The Appaloosa is not only a historic treasure steeped in history but was developed to be a versatile horse. Versatility is still a hallmark of the breed that has a colorful color pattern but can also be solid colored.
There are many ways the Appaloosa can make his mark in the world. As a Western Pleasure horse as well as English Pleasure he can be a colorful and talented mount to compete with in breed shows as well as a minimally colored representative that blends in more in open shows that may have a breed bias against Appaloosas.
His ability to stay on his feet has won him favor as a trail horse, a polo pony and a range of activities included in daily ranch work. His ability to take care of the rider and get through anything can be a challenge to bring along but it is worth nurturing.
As a cutting horse, barrel horse, reining horse or gymkhana mount he has speed as well as athletic ability. He can be a race horse on the track where his sprinting speed is used as well as an elegant competitor in the dressage ring. His ability to navigate a cross country course or a jumping arena has been shown as well. The Appaloosa also makes a beautiful driving horse.
This is a breed that was developed for speed and endurance by the Nez Perce as a means of survival. They needed to have speed but they also needed to be calm enough for the women and children to be around. The US slaughtered many of the Nez Perce horses following the capture of Chief Joseph. They were also bred indiscriminantly to everything from draft horses to ponies. Today the Pony of Americas continues the versatility in a smaller package. The appaloosa is largely quarter horse and Thoroughbred breeding although Arabians have been used in any of the horses past and present.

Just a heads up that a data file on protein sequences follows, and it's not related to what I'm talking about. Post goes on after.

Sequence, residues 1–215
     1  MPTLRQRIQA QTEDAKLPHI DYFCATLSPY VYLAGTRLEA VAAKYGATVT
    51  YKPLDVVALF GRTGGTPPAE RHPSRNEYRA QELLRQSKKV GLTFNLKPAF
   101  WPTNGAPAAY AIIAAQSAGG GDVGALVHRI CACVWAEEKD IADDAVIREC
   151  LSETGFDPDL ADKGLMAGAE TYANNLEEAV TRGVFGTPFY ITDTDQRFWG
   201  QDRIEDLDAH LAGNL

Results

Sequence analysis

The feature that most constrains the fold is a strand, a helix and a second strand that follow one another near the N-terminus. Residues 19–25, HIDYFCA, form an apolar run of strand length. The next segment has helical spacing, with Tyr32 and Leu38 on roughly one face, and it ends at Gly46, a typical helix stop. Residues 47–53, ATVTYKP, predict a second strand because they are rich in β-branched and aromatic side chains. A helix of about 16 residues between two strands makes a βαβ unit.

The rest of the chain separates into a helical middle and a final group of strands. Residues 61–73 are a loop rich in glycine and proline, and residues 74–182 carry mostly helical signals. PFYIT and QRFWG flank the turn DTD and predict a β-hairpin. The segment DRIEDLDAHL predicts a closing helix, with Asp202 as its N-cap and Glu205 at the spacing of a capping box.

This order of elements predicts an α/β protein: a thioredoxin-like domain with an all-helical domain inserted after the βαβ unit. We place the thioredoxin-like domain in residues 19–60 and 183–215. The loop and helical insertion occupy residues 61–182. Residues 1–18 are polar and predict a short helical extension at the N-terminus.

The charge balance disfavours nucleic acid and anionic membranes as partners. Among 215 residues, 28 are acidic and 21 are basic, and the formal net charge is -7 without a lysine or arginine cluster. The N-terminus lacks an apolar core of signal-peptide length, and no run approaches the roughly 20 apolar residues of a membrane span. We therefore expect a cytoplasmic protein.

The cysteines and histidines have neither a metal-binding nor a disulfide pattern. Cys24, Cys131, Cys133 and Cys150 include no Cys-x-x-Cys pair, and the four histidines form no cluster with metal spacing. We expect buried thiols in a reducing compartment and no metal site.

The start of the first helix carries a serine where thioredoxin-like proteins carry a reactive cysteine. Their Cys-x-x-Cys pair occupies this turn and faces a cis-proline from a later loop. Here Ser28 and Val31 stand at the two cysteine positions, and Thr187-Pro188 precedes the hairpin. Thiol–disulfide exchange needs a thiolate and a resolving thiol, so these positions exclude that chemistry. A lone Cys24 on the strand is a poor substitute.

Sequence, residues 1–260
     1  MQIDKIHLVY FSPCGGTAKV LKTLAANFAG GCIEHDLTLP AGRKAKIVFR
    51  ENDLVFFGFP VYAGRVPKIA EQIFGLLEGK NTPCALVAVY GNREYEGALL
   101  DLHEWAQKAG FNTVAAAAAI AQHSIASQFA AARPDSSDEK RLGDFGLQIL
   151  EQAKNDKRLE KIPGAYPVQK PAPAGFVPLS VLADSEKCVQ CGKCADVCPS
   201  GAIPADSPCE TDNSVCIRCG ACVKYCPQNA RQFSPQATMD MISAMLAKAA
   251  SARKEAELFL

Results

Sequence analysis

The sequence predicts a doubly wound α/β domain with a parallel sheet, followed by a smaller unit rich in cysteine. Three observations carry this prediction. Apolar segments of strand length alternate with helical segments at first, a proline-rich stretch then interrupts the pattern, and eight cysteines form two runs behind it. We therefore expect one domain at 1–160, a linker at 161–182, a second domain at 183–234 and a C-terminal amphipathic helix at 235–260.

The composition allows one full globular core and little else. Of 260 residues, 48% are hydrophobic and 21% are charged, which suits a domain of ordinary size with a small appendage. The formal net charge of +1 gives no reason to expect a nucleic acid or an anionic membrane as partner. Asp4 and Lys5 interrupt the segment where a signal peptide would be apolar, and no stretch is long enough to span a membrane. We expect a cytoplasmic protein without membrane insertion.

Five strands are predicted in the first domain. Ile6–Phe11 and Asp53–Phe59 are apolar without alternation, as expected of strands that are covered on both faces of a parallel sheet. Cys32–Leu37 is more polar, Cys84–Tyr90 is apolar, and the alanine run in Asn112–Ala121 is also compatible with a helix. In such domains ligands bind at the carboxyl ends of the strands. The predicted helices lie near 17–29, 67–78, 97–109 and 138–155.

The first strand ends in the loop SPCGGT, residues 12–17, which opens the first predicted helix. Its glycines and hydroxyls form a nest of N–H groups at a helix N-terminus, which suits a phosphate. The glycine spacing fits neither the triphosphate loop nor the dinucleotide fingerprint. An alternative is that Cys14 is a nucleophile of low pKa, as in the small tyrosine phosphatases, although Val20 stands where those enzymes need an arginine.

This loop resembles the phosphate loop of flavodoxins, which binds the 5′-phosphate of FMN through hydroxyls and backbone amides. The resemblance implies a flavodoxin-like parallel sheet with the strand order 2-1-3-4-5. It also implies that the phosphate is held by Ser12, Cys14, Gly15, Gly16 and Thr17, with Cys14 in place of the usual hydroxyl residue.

The halter horses are predominantly the stock type. Although even not too many years ago the same horse could be western and English pleasure, keyhole or stump race and jumper the competition has become slightly more specialized.
Some individuals of the breed have a shuffling gait that is considered gaited. Sometimes called “shufflers” these horses are said to be very comfortable to ride with a natural gate that doesn’t bounce’ as a trot does. Some accented this by crossing with the Tennessee walking horse to produce “Walkaloosas” that had the running walk as well as the colorful coat pattern.
One amateur polo player relies on Appaloosas due to their sure footedness, speed and control under the most active of conditions during a match. This has been tested including when another player fell right in front of her and her teenage Appaloosa gelding. They were too close to stop and her Appaloosa simply improvised and jumped the fallen horse and rider, eliminating serious injury for two people and the fallen horse. The gelding had no jumping experience, having been a polo horse for his working life.
The Appaloosa is colorful, athletic and versatile. Give one a try!